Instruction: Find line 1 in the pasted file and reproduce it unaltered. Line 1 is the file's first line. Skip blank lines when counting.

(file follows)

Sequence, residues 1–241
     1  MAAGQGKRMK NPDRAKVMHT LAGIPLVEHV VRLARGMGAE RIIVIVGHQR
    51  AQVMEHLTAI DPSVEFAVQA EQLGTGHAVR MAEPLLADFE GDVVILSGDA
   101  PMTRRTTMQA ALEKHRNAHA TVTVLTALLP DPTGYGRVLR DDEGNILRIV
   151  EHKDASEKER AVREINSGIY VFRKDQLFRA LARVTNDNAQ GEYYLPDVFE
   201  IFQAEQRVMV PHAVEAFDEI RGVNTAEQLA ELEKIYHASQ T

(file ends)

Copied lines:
Sequence, residues 1–241